Grace for All: Grace is Personal

The essay … The Spirit of Grace, was originally written by William G. MacDonald (link) and was edited by John D. Wagner. 415xXkjORGL

The authors present a challenge to any theologian, one that is probably not considered often enough.

The most complicating factor for system building in theology is the personhood of God. … A force, idea, or principle is far more consistent and controllable in thought than a living personality …

It is not possible, the authors contend, to fully understand grace unless we first grapple with God as One who is living and dynamic.

The concept of the grace of God is grounded in the doctrine of God’s holy Self, his personhood

The authors challenge the “working definition” of grace, which includes the idea of “unmerited favor”, since it does not require God to be personally involved or give of Himself. The idea of unmerited favor might cover the notion of “common grace” or the “goodness of God”, but is not adequate to cover the saving acts of God.

… one does well to use the biblical term “the goodness of God” to categorize the outpouring of God’s loving care on all men, sending sunshine and rain on good and bad men alike, giving man food and enjoyment, and supplying him with various life-fuels needed to sustian his journey through time as a natural man.

… this goodness of God as expressed in impersonal gifts should not be doubled in terminology with the word that is central in the New Testament for God’s giving us himself in his Son and Spirit.

Early in the essay the authors offer a definition of grace as the “fullfillment of love” and as “love given and getting through to its object by being received”. However, disagreeing with the authors slightly, adding the characteristic that grace must be received in order to be  grace is not something that should be necessary. Grace can still be grace even if we are foolish enough to refuse it.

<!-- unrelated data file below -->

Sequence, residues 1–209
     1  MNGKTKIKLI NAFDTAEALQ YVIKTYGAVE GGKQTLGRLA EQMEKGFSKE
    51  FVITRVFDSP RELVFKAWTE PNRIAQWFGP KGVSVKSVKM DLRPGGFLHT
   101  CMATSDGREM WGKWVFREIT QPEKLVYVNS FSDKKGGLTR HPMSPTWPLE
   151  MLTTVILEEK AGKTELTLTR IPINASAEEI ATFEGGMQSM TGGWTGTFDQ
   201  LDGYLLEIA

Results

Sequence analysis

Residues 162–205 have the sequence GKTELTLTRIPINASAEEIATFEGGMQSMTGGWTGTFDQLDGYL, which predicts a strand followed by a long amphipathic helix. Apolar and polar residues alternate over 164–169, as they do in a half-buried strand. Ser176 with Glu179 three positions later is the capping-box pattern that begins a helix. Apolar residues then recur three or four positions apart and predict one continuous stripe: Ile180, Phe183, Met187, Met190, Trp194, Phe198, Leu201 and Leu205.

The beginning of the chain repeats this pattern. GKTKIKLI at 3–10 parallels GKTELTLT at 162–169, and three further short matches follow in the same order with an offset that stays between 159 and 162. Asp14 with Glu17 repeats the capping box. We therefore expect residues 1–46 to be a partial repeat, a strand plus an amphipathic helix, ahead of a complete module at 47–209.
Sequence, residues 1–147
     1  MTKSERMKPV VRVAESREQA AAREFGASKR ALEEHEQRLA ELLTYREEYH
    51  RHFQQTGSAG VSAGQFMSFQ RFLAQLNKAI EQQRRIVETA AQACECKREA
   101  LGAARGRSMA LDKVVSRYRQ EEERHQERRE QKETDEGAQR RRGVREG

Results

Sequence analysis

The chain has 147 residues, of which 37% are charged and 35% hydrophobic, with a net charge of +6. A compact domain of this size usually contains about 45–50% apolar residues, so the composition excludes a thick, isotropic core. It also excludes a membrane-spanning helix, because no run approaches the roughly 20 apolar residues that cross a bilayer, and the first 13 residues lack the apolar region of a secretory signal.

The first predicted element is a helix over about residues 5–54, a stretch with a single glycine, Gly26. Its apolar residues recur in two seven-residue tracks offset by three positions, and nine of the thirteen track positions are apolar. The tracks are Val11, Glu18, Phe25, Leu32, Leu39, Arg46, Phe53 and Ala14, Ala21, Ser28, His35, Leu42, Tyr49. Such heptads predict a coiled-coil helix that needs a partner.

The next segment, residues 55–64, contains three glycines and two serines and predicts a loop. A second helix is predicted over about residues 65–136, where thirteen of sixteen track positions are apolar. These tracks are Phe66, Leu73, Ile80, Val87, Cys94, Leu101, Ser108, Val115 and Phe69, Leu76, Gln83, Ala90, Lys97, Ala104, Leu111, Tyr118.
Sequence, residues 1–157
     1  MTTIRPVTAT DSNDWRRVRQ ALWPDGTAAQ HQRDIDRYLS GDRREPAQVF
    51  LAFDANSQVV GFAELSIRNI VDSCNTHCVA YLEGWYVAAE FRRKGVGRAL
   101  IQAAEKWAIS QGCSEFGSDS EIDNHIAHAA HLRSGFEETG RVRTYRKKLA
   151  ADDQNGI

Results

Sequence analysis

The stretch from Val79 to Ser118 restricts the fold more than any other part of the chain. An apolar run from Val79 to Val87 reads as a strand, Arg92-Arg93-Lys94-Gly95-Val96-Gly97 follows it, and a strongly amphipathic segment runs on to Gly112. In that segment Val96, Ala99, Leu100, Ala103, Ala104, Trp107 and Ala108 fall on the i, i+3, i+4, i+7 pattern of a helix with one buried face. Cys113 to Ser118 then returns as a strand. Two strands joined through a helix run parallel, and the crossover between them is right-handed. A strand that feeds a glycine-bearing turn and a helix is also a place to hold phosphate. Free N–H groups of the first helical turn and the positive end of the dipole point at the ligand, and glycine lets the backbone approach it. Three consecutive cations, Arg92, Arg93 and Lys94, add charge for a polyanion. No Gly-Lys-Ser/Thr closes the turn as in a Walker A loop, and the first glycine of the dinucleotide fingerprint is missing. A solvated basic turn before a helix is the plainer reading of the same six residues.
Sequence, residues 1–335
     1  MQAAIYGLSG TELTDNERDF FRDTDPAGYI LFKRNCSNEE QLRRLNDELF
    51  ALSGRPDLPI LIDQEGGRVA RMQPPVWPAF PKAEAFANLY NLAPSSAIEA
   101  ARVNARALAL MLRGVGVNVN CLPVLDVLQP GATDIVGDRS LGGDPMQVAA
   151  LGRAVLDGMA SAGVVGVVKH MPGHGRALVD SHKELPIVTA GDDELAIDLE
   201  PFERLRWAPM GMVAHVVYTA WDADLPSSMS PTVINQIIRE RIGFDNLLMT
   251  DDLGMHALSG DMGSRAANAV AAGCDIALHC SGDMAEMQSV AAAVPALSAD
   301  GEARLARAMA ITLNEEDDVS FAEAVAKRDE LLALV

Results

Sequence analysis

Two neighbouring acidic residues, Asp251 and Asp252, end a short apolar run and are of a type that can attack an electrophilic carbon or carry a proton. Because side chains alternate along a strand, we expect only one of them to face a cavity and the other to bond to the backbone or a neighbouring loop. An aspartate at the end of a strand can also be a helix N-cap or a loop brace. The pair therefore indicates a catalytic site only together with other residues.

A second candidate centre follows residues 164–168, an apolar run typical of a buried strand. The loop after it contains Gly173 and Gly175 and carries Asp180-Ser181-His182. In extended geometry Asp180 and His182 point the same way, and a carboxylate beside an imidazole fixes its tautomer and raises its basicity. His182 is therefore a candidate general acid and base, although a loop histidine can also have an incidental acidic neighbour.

Later, toward the end of the essay, the following three aspects of the “gift of God” (ie grace) are given (emphasis in original):

“Jesus” as the object of faith historically given, the “Spirit” drawing people and convicting the world of sin (John 6:44, 16:8), and the Spirit indwelling as the result of faith.

When Scripture tells us that we are saved by grace, it is these incredible truths and acts of God that are meant. Unless God chose to make salvation possible to sinful people through faith we could never be reconciled to Him. And unless He sent Jesus to atone for the sins of the world we would all be condemned for our sins. And unless the Spirit convicts and draws we would be unable to avail ourselves of the salvation offered through faith.

When we are told salvation is through faith we should understand this as God giving us Himself (as well as the many spiritual blessings of forgiveness, adoption, and eternal life) when a person meets the condition God set forth. That condition is faith.

Grace should not be understood as an irresistible force that overcomes a person’s will and produces faith. God “deals with the soul as Subject to subject” and allows the person to accept or reject Him and His love.

His will is gracious, but grace is not another name for will, much less irresistible will. … Will can be imposed on others less powerful than oneself without the concurrence of their wills. But grace is never imposed. Grace can only be received.

The authors, rightly, argue that sovereignty is not an essential attribute of God but rather “his administrative role or work … and his rightful relationship to his creation. Among the necessary attributes include God being Love (1 John 4:8) and Truth (Titus 1:2).

God is free, therefore, to be the sovereign Lord; he is not free to lie. This means that he can delegate … a small part of his sovereignty without ceasing to be God. On the other hand, God cannot surrender, relinquish, give up, or otherwise divest himself of his truth for any moment of time, for truth is eternal, or else it is not true. (emphasis in original)

We are reminded, as the essay concludes, that God is relational. And relationships require treating people as “souls” that can respond, accept, and reject an offer of being in that relationship.

God has always been secure in himself, yet relationally vulnerable. This relation vulnerability this personal openness to frustration – to use the theological term – this possibility of God over against his creation is the enormous cost he is willing to bear that his grace may be freely offered and freely received. (emphasis in original)

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